I've gone camping three times this year and we've planned at least one more trip before the season is over (that's S, prepping some firewood on our last excursion).  I'm trying to take advantage of the beautiful state parks we have here in New Jersey... I know, you probably thought the whole state was either like Newark or Seaside Heights.  Nope!  We also have forests, rivers, mountains, and lakes.  I haven't gotten the canoe in the water yet, but I'm hoping to take it for a spin this weekend and maybe next weekend as well.  S and I have also started taking little walks every evening after dinner.  At first, I was kinda like, "Aw, man... I just got home.  Do I have to go out again?"  But once we get going, it's a really nice way to decompress from the day.  We try to go a little bit farther every night.  It's not a real workout, but studies show that even just a little, light walk a few times a week has long-term health benefits.

5. Getting in the Halloween Spirit!
I can't decide whether Halloween is my first or second favorite holiday, but it was taken from me last year due to Superstorm Sandy and this year I demand some festivities.  Haunted houses and hayrides, corn mazes, pumpkin carving, candy, costumes, maybe some light decorating if a certain someone will let me...  Hopefully we can get our cable to work again in time to watch Beetlejuice and Hocus Pocus on TV (even though I own both of those movies).  OK, so maybe it's still more than a month away, but October magazines come out in September and I'm already getting inspired.  The good news is that a lot of things most people would only put out during Halloween, I consider part of my everyday style: skulls, bats, etc.  Our apartment is already covered in cobwebs and spiders, so that's one less thing we have to do!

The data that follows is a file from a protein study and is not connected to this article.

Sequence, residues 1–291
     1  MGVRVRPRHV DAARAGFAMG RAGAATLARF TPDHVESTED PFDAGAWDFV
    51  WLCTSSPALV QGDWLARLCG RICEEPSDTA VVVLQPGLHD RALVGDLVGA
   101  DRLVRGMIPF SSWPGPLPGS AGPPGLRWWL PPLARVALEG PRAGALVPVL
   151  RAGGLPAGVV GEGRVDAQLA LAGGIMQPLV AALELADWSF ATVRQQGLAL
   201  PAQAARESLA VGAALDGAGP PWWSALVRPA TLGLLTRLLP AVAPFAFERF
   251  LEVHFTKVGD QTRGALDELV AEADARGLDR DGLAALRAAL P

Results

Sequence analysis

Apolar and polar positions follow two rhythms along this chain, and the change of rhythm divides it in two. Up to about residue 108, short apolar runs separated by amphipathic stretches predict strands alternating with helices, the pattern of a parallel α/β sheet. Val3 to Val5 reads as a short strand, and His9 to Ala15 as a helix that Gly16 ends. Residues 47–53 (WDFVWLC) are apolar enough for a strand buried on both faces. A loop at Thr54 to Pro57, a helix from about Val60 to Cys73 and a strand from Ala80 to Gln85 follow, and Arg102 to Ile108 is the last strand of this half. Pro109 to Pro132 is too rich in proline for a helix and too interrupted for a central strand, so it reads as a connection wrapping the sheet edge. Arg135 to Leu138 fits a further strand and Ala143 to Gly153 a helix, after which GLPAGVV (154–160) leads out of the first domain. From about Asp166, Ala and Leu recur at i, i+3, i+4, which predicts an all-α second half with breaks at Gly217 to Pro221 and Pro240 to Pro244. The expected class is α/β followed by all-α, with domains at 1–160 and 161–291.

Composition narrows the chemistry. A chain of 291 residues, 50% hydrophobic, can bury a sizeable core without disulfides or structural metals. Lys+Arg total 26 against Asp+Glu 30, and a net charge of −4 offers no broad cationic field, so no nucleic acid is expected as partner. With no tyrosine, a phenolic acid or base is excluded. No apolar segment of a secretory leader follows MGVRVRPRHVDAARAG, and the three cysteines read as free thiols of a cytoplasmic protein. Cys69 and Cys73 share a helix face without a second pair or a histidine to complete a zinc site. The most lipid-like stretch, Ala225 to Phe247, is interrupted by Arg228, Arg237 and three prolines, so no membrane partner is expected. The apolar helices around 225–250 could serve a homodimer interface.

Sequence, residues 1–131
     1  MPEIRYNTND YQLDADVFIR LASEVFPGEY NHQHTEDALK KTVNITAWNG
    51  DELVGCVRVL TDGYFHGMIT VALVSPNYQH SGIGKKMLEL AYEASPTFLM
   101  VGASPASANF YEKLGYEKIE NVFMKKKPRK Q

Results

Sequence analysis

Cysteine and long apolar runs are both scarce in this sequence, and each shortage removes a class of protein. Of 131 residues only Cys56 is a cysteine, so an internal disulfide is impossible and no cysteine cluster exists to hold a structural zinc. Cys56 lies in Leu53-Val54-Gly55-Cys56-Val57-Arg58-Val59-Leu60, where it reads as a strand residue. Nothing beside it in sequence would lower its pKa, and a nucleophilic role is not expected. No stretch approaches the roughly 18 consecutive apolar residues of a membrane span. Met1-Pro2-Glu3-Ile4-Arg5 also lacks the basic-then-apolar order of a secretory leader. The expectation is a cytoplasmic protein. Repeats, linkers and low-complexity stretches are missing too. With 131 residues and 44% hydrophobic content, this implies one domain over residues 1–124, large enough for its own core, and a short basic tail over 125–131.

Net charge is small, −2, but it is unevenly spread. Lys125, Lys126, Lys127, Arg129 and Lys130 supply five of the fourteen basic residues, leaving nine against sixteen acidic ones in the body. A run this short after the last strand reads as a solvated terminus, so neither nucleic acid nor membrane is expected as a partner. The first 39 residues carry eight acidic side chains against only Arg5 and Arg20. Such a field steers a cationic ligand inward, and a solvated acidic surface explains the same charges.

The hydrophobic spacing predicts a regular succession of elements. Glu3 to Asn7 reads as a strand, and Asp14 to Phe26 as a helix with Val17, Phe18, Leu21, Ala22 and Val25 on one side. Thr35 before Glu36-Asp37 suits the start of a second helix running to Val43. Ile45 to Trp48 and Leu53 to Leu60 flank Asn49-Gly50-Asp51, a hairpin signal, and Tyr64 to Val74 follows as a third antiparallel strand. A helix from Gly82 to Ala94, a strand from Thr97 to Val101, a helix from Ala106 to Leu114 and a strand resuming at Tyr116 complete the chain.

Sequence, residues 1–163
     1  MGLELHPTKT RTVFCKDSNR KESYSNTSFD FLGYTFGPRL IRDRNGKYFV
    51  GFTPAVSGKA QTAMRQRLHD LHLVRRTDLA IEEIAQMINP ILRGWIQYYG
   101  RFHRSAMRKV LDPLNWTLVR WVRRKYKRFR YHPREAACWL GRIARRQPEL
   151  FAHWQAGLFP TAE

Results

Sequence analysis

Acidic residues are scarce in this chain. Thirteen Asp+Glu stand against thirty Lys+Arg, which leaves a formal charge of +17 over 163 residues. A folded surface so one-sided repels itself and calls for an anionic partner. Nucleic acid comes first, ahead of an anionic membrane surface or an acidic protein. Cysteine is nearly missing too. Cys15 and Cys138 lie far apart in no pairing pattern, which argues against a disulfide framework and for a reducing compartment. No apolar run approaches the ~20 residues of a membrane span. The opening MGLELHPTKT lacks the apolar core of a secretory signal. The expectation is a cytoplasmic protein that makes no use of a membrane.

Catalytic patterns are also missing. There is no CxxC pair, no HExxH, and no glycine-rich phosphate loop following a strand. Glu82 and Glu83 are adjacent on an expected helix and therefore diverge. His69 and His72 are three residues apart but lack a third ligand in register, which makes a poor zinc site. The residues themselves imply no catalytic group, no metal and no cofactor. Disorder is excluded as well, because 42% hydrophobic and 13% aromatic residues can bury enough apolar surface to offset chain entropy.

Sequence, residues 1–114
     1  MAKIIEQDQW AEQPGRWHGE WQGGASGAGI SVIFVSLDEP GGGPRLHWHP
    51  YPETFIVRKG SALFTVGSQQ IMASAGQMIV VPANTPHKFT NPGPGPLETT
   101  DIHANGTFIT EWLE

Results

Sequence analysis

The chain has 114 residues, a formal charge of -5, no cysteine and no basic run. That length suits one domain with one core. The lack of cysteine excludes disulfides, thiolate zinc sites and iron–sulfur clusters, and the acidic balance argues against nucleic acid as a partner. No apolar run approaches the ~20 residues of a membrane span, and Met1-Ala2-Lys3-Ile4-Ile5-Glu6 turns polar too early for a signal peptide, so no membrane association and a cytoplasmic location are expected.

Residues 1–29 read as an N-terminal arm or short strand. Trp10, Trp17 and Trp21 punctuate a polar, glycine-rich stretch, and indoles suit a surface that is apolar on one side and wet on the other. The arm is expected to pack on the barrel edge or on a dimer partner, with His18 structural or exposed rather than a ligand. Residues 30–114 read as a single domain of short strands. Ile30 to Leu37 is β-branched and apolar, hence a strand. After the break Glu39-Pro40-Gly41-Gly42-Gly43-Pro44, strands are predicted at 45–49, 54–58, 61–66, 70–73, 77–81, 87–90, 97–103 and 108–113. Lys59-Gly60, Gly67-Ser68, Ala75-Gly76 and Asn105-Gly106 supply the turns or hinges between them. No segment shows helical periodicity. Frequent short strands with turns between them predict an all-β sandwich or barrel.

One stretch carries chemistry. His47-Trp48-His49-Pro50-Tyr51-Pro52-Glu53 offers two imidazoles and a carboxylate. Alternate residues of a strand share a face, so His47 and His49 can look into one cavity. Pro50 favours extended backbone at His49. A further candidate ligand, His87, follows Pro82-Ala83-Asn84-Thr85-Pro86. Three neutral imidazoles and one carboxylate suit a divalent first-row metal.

Happy weekend, readers.  I'll try to be back with some real posts next week.  Don't forget that you can (and should!) follow me on Twitter for daily, bite-sized updates.  If you still feel like winning a beauty product care package from me, follow me on Twitter, Instagram, or Bloglovin.

Thursday, September 12, 2013

Recent Acquisitions

I've come into some new-old, cool things this summer (old in general, new to me) that I think are worth sharing.  Some additions to my collections, new collections I've started, etc.  Other people downsizing their possessions has come in handy for me!

The thing I'm most excited about is my new set of vintage, mismatched teacups.  I was never interested in teacups before (and, in fact, rejected a matching set from my grandma's old house), but these all looked so pretty and interesting together that I felt like I had to have them.
My favorite is the yellow and gold one in the back, but I also love the butterfly handle of the one in front of it.

I also found a new addition to my oddities collection at the horror convention I went to.
It's a mummified pig fetus!  Ain't he cute?

We also inherited a canoe and a lot of camping equipment.  We're hoping to put it to good use this weekend.  And, yes, in-laws... we bought some life jackets!

By all means, if anyone else wants to give away a bunch of fun stuff, let me know!  Shopping your closet has become a trend during weak economic periods, but I've had a pretty good time shopping other people's attics!

Monday, September 9, 2013


S and I spent most of the summer chasing memories.  His parents retired and are moving out of the house that S considered home for half of his life, so everything we did had a sense of urgency about it.  Everything felt like it would be the "last" time.  We also buried his grandparents in the town where his mother's family spent their summer vacations and were able to revisit some of those memories with her.  We came back to our apartment with boxes full of childhood toys, high school pictures, college books, and we inherited a car-full of old things that belonged to other people.  I'll admit that most of the time, I felt like a voyeur.  Not having grown up with his family, these things didn't mean to me what they meant to S.  I'm learning quickly that this is an important part of joining someone's family and I felt honored to get to share these moments with them.  One of the best parts of this experience, for me, was witnessing new memories being made for S's nephews (soon to be my nephews too!) -- camping with their family, riding "big kid" rides for the first time, participating in their grandpa's last church service before he retired.  These are the things they will remember when they get older.  It's kind of amazing to watch that happen.